It rained all day yesterday.
All day. My tent gave up trying to keep the water out. I slept in the car last night.
Tom Nordstrom, caretaker of the L'Anse Township Park and Campground, stopped at my site and I gave him my key. I'd packed up my tent and everything else by that point, and had showered. I'm ready to go. I'll interview Phil Latendresse in Tapiola at noon, then I'll head west for Redfield - I'll go as far as I get in an afternoon's drive, however much afternoon I have left at that point.
Tom Nordstrom said it was 44 degrees when he got up this morning. The high yesterday was 55 degrees. The waitress at Shabee's said it didn't feel like it was 55 degrees until you were out in it for a couple hours - then you got cold.
I had breakfast at Shabee's, yes. There was a car with Missouri plates parked in front of the cafe as I went in. I sat drinking my coffee. The radio was playing country music, as it usually does. Just over the wall, a white-haired woman was at a table with a man one assumes is her husband; she said, "I can't believe it - they play the exact same songs here as they do in Missouri."
The great leveling continues. More and more the nation becomes as generic as white bread, bland and uniform from place to place. When we are all the same, only those people who like the store-bought white bread will be happy. Those of us who like the home-made wheat will not be so happy. These regional differences are to be cherished; and so are the little differences within a region. I suppose there is comfort in knowing exactly what you are going to get anywhere in the country. Yet what adventure is there in that?
I'm sitting in the car overlooking Keweenaw Bay at the park in downtown L'Anse. Last night as I returned from Da Yoopers' show, you couldn't see across the bay from Baraga to L'Anse - the mist and rain was too heavy. No mist, no rain, no fog this morning. A grey and cloudy sky, grey and cloudy water in the bay.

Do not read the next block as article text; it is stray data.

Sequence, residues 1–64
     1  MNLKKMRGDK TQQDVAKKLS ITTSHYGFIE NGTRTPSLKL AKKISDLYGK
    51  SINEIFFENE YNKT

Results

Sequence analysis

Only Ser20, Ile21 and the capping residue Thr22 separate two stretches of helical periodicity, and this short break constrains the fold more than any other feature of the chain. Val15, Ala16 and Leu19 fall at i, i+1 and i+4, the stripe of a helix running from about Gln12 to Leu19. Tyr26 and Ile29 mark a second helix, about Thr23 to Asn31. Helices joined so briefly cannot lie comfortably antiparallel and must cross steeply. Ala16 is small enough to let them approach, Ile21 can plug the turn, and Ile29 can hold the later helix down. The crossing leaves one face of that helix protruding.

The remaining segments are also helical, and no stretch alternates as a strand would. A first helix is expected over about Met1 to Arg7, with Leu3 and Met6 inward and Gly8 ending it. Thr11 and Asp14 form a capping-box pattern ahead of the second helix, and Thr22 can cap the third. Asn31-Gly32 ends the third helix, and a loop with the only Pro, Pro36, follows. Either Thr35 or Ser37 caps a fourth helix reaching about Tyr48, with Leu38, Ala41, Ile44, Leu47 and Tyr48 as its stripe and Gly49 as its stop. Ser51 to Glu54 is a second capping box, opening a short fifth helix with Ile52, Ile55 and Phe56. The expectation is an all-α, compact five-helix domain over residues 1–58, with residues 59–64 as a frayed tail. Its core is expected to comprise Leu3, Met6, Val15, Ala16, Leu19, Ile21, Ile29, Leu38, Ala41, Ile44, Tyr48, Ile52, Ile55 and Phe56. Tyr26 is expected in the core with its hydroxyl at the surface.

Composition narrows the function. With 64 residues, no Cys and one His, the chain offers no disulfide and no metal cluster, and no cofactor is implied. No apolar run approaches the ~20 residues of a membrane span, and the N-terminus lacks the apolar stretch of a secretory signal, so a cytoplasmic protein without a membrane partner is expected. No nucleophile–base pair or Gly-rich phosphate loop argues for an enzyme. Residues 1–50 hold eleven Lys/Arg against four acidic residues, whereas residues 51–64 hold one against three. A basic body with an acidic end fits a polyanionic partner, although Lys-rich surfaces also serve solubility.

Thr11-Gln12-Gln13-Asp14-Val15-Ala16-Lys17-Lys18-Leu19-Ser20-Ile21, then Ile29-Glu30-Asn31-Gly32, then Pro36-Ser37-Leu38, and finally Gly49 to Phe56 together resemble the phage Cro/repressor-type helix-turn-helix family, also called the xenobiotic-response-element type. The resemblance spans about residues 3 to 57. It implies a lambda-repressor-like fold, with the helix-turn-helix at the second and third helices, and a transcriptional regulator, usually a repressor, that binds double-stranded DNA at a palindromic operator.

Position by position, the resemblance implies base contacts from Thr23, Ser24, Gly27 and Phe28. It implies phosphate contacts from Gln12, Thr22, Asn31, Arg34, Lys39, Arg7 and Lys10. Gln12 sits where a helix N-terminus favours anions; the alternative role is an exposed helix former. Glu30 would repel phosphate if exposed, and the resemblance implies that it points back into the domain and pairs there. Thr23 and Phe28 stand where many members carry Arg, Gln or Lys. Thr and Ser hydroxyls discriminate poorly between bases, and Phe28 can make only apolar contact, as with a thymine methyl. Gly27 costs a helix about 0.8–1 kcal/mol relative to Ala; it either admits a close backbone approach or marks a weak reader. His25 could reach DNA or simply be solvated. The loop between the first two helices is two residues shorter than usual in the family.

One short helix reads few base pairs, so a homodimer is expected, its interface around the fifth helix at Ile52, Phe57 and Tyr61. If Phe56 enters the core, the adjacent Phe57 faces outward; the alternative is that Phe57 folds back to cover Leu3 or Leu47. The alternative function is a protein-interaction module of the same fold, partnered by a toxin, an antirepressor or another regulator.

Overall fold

I interview Phil Latendresse formally, with tape recorder, in his home at the end of a county road outside Tapiloa. It is 1:40 p.m. when I finish.
Now I am leaving the lush green and blue of the Upper Peninsula; and am leaving the lovely lilt of their talk behind. The day has warmed. The sky is still pretty much overcast, but like a good omen the sun shows through occasionally.
There are some open, grassy fields along Pelkie Road north of M-38. A farmyard with a big barn. Nothing gets harvested here now, I think, but trees, and sometimes, marshgrass. Birch, pines, hardwoods.
Here in the margin, where they know how to make do, this is where life evolves.
I am going to drive as far as I can towards Redfield this afternoon. I do not know how far that will be.
M-38. 2:00 p.m. Cows in a pasture. A hayfield. Farm tractors. A chopper for cutting hay.
A mother raccoon and six little ones cross M-38 in front of me. Actually, the adult stops, turns to face me, and glares. Then it moves the rest of the way across the road and into the tall grass. I have had to slow considerably to accommodate the raccoons' slow traipse. The turn to glare at me when I've slowed nearly to a stop - is it any wonder that people sometimes go bowling for raccoons? Cars far off behind me and on-coming pose no danger once the raccoons have gotten moving again.
2:10 p.m. The cloud cover has broken up. The sky shows its blue underpanties. I enter Ontonagon County. Oh, those Ontonagon Hills of Michigan....
I'm headed south on US 45 now, towards M-28. A lot of up and down wild scrubland. You wouldn't call it wilderness. There may have been big trees here once, where I cross the Ontonagon River, but they are not big trees now.
Ha, slack-jawed crow-boy, blue and black in the sun, you stand there at the edge of the road wondering what is going on. Go ahead - wonder! Are you quick enough a crow to catch on? You cannot stand off to the side, you have to leap in, commit yourself, give yourself to your obsessions.
This can't be the end of the world. There is traffic here. There are semis hauling loads other than timber.
Two deer at the edge of the road. They turn back. Just beyond them, an old house falling in on itself. Then a farmstead with small barn. I see only one tilled field. Oh, then there is another.
Fewer trees and more fields. A farmstead with silos. A golf course, for Chrissakes. A car dealership closed down at the edge of Bruce Crossing.
Along M-28 west of Bruce Crossing - you wouldn't call any of this farming. It's not farming for an Iowa farm boy until he sees the corn.
A couple of hayfields. A big farmstead with three silos, including a blue Harverstore, always a sign of success in my day. I don't understand the economics of farming up here. I know you have to take in more than you spend, but how do they do that farming up here? Cows? Do they feed them pasture in the summer and haylage the rest of the year?
Another small farmstead, cattle in a pasture. It has to be like ranching here, doesn't it? You turn the cows out to take care of themselves. You'd call that pine-fed beef....
To be continued....